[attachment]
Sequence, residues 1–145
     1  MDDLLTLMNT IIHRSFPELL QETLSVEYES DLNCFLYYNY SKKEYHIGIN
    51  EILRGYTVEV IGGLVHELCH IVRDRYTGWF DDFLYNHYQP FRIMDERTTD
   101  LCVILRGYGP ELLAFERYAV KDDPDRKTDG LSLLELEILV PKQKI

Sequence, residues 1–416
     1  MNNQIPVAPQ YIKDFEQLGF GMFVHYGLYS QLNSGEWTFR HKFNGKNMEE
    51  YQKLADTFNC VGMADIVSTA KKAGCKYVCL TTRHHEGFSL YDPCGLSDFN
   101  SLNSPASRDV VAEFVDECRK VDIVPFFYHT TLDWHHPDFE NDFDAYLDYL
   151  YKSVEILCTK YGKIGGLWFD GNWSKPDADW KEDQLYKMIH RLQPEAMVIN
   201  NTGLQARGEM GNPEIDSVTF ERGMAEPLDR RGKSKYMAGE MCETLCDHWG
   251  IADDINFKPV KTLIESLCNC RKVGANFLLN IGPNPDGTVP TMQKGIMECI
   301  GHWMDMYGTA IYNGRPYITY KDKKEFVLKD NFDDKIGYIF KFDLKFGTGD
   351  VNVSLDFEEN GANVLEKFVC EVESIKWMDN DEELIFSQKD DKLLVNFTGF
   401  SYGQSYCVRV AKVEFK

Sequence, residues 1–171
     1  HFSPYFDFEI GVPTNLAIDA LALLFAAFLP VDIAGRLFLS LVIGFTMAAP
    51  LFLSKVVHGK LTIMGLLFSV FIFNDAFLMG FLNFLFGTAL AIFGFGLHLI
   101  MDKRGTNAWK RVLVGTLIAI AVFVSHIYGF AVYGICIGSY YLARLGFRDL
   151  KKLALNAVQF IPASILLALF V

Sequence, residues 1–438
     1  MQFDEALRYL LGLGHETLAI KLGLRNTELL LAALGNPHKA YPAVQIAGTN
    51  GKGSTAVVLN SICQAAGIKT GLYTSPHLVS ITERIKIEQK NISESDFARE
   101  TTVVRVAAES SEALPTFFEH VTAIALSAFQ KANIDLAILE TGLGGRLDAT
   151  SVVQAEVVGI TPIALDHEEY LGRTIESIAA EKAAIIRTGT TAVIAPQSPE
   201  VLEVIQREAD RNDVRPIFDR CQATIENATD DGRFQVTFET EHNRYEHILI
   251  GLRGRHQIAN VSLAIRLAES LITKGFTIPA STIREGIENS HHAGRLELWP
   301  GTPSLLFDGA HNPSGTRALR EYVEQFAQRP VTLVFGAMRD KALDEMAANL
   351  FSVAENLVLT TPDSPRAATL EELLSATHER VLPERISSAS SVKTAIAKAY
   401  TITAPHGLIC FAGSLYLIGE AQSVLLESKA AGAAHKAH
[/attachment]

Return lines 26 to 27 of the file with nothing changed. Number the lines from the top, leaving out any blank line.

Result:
   251  GLRGRHQIAN VSLAIRLAES LITKGFTIPA STIREGIENS HHAGRLELWP
   301  GTPSLLFDGA HNPSGTRALR EYVEQFAQRP VTLVFGAMRD KALDEMAANL